Their fault or not, they bring endemic levels of TB and other diseases that we've virtually eliminated prior. It's spread on migrant worker crops and in rural and low-income urban grade schools, too.

    These people of course cannot be turned away from proper medical treatment. But then they need to be sent back to their home countries, or prevented entering here in the first place.

    I don't understand the term "corporate welfare" in this context and by the way, the term is "leeches" (parasites), whereas "leaches" is the process of soaking out chemicals from a substrate. The term "corporate welfare" of course is an old, outdated mantra from the 60s and 70s about corporations sucking the proletariat. A Marxist phrase, actually. How that spreads disease escapes me. Check the stats on growing infectious diseases in cities and border communities and then let me know how corporations are spreading TB or tularemia, and even plague.

    Illegal immigrants cost this country hundreds of millions each year in increased ER costs (ER operations are expensive, rather than a regular doctor or clinic) but illegals tend to head to the ER because they'll be treated there without fear of reprisal from border cops. The money saved by employing illegals (who of course work for less and have no way to complain about bad working conditions) is blood money. The US can afford the increases in food prices if all the crop workers were paid legally. What we cannot afford is the cost in creating an underclass.
  • bisleybisley Senior Member Posts: 10,798 Senior Member
    Not saying this makes it right, but there's a big difference in how easy it was to come here legally back then vs. now. Used to be all you needed to do was manage to get yourself here somehow and be willing to work and you were welcomed with open arms. Nowadays there's reams of paperwork, quotas, wait lists etc.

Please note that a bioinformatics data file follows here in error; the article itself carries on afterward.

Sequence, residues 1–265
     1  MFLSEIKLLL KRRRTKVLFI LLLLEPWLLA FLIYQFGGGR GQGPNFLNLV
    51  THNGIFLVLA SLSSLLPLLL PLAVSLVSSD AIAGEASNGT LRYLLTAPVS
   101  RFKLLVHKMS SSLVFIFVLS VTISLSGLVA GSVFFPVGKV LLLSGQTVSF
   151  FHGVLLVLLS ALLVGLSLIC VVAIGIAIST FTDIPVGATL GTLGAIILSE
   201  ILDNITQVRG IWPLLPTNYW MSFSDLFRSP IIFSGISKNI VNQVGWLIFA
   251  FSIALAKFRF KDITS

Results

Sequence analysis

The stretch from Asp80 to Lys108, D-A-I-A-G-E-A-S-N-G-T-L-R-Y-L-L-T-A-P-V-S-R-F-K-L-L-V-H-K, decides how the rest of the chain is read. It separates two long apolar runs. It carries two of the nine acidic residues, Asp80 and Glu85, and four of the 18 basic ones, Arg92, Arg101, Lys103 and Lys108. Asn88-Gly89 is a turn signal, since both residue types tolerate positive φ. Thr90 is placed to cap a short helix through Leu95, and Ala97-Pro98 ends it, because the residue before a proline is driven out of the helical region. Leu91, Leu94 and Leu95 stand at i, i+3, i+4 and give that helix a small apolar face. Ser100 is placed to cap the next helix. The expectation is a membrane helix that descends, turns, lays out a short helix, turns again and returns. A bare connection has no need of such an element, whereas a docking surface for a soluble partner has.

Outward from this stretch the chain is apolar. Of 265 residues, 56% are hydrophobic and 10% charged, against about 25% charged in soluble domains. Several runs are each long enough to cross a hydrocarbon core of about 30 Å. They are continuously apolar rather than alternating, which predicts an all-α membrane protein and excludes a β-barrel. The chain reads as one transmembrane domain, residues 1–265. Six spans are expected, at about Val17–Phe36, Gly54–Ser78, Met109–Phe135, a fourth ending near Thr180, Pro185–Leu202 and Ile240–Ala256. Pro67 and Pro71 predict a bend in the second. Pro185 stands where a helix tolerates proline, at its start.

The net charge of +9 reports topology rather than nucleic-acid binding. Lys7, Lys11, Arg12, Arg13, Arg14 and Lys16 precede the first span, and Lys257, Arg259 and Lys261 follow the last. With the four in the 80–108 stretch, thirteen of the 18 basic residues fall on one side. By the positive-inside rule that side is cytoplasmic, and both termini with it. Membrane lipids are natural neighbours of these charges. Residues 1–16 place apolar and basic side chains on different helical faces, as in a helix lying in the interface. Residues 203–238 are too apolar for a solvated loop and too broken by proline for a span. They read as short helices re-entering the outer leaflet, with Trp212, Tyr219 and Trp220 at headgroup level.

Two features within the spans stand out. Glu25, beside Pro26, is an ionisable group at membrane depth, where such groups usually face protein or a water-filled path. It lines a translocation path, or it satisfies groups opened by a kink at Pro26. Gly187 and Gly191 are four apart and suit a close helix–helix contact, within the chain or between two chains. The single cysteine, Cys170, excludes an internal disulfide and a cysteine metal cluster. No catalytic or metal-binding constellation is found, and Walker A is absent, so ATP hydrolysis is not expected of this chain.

Thank you for that concession to the idea that big government is responsible for most of our problems.
  • Big BatteryBig Battery Member Posts: 203 Member
    Ron Paul revolution hits the Bay State

    By ALEXANDER BURNS |
    4/30/12 9:56 AM EDT

    The Globe reports on an activist revolt in the state of Massachusetts:

    When Massachusetts Republicans went to their caucuses on Saturday, many didn’t vote for Mitt Romney’s picks.

    Instead, they went for Ron Paul.

    Less than half of Romney’s 27 chosen delegates won, and the losers included some notable Massachusetts Republicans - including Kerry Healey, the former lieutenant governor, and the House minority leader, Bradley H. Jones Jr., according to two Republican State Committee members who did not want to be named. Even some prominent alternate delegates lost - including 2010 gubernatorial candidate Charles D. Baker and Sheriff Frank G. Cousins Jr., the Republicans said.


    The delegates are pledged to vote for Romney anyway, but it's still striking to see the Paul-infused grassroots rejecting the GOP's last two gubernatorial nominees -- Healey and Baker -- and a prominent Romney surrogate like Jones, in the presumptive presidential nominee's home state. While Paul's campaign has fallen well short of its hopes in 2012, his supporters continue to prove they can have an outsized impact in small, activist-dominated settings like this one.
    http://www.politico.com/blogs/burns-haberman/2012/04/ron-paul-revolution-hits-the-bay-state-122024.html


    The politico doesnt even understand how the delegates work. They point out above that the delegates are obligated to vote for Romney anyway... but they dont understand that the delegates can abstain from the first vote and then vote as they choose in any subsequent votes. The irony of this artical is that the Politico thought they could safely report good news for Ron Paul without hurting Romney but they just dont get it.
  • samzheresamzhere Banned Posts: 10,923 Senior Member
    Ron Paul supporters are still not replying on my gentleman's bet of $100 to the winner's charity. I contend that Paul will have zero movement at the convention. He'll give a speech and go home. Period. First ballot will go to Romney. My charity is Wounded Warriors.

    Any takers?